Also, what was once a health system with universal coverage went to a private-sector model some years ago, but the public was not informed. They take out a portion of your unemployment check for the health care system, and you have “universal coverage” for three months after your unemployment runs out.
     Oh they WILL mend your broken leg or sew up cuts and deliver your baby. So, people THINK they have universal coverage, but they don’t- so they don’t buy private insurance (supposing they could afford it). Then, when they get cancer or some sort of chronic disease, they get a BIG surprise – no government health coverage and they can’t buy private insurance once diagnosed with those types of illnesses.
     I do suppose that morphine to ease you through your last dying breath is freely administered- to ward off a revolution.  They’re trying to figure out what to do in cases of people with contagious diseases- like HIV, tuberculosis, et al. They’ll have no choice but to treat them or run the risk of people with coverage (including German tourists- GASP!!) getting infected- which would not be cost effective.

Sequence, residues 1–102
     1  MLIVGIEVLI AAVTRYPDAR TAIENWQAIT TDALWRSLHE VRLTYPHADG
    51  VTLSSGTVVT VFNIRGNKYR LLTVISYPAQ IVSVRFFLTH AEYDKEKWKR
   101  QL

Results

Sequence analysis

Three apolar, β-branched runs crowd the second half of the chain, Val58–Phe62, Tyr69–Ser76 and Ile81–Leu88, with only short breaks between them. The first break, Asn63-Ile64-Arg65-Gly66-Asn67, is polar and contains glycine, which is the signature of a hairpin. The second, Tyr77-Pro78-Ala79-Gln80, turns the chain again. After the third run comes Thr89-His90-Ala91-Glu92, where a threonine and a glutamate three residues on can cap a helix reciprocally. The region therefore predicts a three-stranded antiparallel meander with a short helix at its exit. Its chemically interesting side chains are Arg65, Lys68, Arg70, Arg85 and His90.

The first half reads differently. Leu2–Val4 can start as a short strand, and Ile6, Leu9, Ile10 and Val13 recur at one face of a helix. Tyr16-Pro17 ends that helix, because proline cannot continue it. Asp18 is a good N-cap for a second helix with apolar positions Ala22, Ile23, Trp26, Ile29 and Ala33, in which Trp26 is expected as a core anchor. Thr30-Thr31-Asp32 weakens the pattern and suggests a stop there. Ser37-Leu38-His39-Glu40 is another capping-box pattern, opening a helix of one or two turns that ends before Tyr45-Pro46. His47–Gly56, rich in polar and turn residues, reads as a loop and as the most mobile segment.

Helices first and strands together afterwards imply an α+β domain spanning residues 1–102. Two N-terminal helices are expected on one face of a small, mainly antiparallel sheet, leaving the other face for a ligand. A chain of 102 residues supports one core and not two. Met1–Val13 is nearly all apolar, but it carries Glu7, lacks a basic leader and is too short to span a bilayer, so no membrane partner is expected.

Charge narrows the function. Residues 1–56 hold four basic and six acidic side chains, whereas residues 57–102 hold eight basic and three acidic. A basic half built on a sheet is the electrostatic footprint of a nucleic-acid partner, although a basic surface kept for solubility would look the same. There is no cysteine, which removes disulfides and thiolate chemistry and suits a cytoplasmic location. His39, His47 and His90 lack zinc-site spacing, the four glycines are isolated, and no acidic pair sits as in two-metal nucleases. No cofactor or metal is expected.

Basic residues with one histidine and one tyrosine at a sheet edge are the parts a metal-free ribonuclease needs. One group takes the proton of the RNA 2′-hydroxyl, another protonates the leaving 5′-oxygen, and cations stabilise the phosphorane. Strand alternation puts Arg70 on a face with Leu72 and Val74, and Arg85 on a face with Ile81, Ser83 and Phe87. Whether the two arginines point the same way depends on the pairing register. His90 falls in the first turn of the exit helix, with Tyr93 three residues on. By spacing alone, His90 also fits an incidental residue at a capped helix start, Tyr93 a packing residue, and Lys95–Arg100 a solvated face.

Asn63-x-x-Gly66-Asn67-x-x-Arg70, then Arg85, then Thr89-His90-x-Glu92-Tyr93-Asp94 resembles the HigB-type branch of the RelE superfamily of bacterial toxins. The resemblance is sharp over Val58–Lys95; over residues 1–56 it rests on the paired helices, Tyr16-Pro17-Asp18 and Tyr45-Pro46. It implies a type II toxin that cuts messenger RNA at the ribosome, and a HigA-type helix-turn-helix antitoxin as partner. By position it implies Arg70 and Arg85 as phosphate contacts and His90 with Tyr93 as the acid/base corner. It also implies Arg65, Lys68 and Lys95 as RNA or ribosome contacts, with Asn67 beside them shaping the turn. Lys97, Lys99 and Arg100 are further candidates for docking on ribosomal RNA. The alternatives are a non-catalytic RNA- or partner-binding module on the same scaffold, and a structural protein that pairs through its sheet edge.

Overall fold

Aside from the recent Robin Hood action, people are protesting in different ways: Lots of flamenco protests (banquero means banker). This is a good one, a kind of flamenco rap – no time to translate- but the lyrics are fantastic.
     Check the body language and the symbolism. In Spanish, good economic times are called “tiempos de vacas gordas” (fat cows) so of course, hard times are “vacas flacas” (scrawny cows). Note at the beginning the dancers rubbing their thumbs against their index and middle fingers- that is the symbol for money. And the man at the end lining his pockets- that’s pretty universal.
     And note the patent dilemma of the actual banker thinking “What do I do? Call the police and say we’re being assaulted by a flamenco show?”
     This one is against the rating agencies- in front of the offices of the Bank of Spain (Spain’s central bank) in Seville. Each of the girls represents the greed enabled by one of the three main agencies.  (Editor’s note: If you can only watch one…make it this one. These women are fabulous.)